Affect Theory and Christian Growth

“Wretched man that I am! Who will deliver me from this body of death?”

Paul’s lament in Romans 7:24 comes as he considers the ways in which his body rages against his better knowledge. Despite what the mind knows to be good, the body resists and persists in directing the self elsewhere—toward sin, death, and destruction. Many Christians are aware of the so-called “sanctification gap,” that chasm between the doctrine we know and our concrete habits that are still so often mired in sin.

But despite our affirmation of Paul’s teaching, we can still treat discipleship as merely content transmission, as if we’re speaking to robots that can be reprogrammed by just entering the right code. We haven’t acted fully on our conviction that our bodies need more than sound doctrinal knowledge to be transformed.

Despite our affirmation of Paul’s teaching, we can still treat discipleship as merely content transmission, as if we’re speaking to robots that can be reprogrammed by just entering the right code.

Affect theory is the study of how precognitive feelings, impressions, and influences direct our behavior and attune our intuitions in particular directions. Irreducible to conscious emotions, affects are those unconscious ways the body is moved and influenced by social relations and the embodied embeddedness of everyday life.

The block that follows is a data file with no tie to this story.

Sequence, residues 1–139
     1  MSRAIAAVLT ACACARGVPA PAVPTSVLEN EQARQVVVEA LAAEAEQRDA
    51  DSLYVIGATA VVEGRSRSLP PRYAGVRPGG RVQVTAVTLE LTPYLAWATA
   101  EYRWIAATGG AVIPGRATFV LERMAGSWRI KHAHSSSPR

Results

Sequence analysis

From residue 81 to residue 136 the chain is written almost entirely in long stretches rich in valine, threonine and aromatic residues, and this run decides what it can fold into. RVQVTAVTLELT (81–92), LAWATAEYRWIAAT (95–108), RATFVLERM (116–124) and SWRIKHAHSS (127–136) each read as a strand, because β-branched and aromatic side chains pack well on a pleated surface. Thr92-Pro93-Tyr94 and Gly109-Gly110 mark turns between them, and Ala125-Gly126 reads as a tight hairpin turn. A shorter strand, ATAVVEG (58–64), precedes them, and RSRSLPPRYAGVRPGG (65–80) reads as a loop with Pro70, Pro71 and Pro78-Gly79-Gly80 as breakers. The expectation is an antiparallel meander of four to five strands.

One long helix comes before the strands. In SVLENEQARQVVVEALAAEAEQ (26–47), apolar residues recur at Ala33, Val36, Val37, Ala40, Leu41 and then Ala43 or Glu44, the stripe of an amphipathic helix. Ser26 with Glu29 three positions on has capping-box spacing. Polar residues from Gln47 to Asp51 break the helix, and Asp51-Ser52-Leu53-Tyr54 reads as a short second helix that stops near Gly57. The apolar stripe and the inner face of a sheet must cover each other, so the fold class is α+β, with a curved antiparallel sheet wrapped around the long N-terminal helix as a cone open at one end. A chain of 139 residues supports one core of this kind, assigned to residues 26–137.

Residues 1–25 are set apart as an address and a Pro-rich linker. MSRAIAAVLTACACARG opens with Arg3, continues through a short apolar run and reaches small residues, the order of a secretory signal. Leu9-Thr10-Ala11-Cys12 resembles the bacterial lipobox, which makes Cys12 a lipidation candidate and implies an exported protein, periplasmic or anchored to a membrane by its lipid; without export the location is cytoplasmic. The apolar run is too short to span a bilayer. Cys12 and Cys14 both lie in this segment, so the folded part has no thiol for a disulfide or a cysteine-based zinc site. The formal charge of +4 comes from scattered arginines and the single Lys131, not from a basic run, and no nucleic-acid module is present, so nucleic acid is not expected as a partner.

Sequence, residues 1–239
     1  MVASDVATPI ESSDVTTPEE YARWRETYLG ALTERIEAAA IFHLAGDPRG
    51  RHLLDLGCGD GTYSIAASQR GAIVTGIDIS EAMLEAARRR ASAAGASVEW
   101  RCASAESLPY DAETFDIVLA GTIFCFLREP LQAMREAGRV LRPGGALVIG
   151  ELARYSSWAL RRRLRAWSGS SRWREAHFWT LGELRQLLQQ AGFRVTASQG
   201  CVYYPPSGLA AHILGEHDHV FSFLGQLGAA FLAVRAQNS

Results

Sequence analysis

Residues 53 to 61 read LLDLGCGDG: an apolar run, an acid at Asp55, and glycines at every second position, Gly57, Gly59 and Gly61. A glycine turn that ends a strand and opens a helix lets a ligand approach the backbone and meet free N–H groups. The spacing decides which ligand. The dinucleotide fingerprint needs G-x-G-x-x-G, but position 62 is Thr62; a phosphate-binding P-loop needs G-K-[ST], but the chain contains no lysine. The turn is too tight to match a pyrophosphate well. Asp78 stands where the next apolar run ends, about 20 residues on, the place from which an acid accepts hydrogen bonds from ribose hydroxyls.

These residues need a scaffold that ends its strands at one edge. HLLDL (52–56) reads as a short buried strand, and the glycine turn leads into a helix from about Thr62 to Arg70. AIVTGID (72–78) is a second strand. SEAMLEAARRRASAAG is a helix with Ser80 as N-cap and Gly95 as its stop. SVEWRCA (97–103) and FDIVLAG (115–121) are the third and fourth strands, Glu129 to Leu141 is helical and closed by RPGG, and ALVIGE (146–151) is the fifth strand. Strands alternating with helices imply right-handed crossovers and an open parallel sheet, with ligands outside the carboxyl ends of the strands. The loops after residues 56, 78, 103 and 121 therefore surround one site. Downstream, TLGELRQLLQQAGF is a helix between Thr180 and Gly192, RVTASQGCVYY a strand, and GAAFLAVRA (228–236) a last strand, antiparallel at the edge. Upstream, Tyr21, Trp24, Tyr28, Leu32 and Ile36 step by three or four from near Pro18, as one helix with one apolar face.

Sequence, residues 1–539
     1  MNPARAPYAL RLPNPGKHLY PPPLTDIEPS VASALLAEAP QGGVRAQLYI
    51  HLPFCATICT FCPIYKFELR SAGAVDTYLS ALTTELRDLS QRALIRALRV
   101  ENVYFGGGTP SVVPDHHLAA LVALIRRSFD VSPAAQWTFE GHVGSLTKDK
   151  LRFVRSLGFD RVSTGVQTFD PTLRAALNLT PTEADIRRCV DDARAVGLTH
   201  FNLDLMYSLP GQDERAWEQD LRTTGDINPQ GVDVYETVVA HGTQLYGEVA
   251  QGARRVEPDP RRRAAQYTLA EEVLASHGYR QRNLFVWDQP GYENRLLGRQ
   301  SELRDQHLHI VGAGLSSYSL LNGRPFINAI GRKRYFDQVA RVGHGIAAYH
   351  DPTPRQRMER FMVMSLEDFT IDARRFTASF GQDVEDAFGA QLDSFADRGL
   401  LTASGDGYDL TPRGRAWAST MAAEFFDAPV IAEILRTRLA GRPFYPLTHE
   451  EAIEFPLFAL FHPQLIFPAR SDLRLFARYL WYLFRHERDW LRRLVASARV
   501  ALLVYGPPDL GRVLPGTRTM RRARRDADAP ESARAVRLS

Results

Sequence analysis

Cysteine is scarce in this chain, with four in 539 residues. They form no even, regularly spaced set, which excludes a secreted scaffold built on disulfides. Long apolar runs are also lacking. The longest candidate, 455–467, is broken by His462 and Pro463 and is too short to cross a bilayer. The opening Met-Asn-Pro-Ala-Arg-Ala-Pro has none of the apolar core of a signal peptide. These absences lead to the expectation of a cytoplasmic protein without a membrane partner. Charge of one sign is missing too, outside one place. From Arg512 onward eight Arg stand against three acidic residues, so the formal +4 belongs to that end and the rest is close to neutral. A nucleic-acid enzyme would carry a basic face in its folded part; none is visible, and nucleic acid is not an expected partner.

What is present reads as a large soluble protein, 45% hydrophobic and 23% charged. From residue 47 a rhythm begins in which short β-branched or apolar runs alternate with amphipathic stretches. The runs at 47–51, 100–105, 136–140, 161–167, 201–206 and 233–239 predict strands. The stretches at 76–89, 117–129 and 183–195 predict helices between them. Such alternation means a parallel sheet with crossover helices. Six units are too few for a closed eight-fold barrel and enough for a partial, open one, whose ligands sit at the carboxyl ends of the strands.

I believe two concepts drawn from contemporary affect theory give us a more detailed description of Paul’s claims about our recalcitrant flesh. After reviewing those concepts, I’ll offer three ways (alongside teaching sound doctrine) that Christians can seek deep change.

Sin and the Body

Sometimes we think human beings can be easily transformed from the top down—from propositional belief to behavioral transformation. This is what phenomenologists and empirical psychologists call the linguistic fallacy. It’s a fallacy because human beings are not, in fact, brains on sticks, so changing one’s beliefs is not sufficient to redirect the whole of one’s life.

Despite what occurs in the space of reason within one’s mind, the body’s intuitions, instincts, and behavior can remain “stubborn” and unaffected by the propositions we come to believe. This resistance to change is a property called intransigence.

Consider a child who grew up in a non-Christian environment where premarital sex was celebrated and discussed nonchalantly. That child may grow up to confess Christ and reckon with the Bible’s teaching on the sacredness of marriage. But though his beliefs have changed, he may not feel a gut-wrenching sense that something is wrong when premarital sex comes up in the sitcoms he watches or in workplace conversations. It may take some time for him to feel an instinctive pull away from the topic.

This is why political inclinations often remain untouched despite changes in religious convictions. There’s an intransigence to our body’s affections. Our default feelings about whether something is attractive or repulsive, good or evil, beautiful or ugly persist even after our minds change.

How Change Happens

Christians should be the least surprised at this phenomenon. Sanctification requires hard work precisely because of remaining sin. As Paul remarks, we often remain captive to “the law of sin that dwells in [our] members” (Rom 7:23). How, then, should we pursue change, given sin’s intransigence? Here are three ways:

1. We must depend on the Spirit as the Lord and Giver of life.